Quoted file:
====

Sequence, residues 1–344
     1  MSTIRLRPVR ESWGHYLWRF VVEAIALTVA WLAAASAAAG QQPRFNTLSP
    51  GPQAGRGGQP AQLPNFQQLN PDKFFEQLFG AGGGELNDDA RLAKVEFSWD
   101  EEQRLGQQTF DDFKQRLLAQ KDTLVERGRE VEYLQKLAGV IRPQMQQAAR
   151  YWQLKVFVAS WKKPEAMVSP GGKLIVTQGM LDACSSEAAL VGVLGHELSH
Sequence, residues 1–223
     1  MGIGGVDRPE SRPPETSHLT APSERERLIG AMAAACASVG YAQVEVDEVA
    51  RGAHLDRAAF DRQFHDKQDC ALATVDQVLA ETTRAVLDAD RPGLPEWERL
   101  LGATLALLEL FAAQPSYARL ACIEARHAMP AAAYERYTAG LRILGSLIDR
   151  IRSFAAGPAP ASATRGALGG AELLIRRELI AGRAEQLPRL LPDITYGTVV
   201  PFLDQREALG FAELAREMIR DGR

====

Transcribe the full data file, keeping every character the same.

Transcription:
Sequence, residues 1–344
     1  MSTIRLRPVR ESWGHYLWRF VVEAIALTVA WLAAASAAAG QQPRFNTLSP
    51  GPQAGRGGQP AQLPNFQQLN PDKFFEQLFG AGGGELNDDA RLAKVEFSWD
   101  EEQRLGQQTF DDFKQRLLAQ KDTLVERGRE VEYLQKLAGV IRPQMQQAAR
   151  YWQLKVFVAS WKKPEAMVSP GGKLIVTQGM LDACSSEAAL VGVLGHELSH
Sequence, residues 1–223
     1  MGIGGVDRPE SRPPETSHLT APSERERLIG AMAAACASVG YAQVEVDEVA
    51  RGAHLDRAAF DRQFHDKQDC ALATVDQVLA ETTRAVLDAD RPGLPEWERL
   101  LGATLALLEL FAAQPSYARL ACIEARHAMP AAAYERYTAG LRILGSLIDR
   151  IRSFAAGPAP ASATRGALGG AELLIRRELI AGRAEQLPRL LPDITYGTVV
   201  PFLDQREALG FAELAREMIR DGR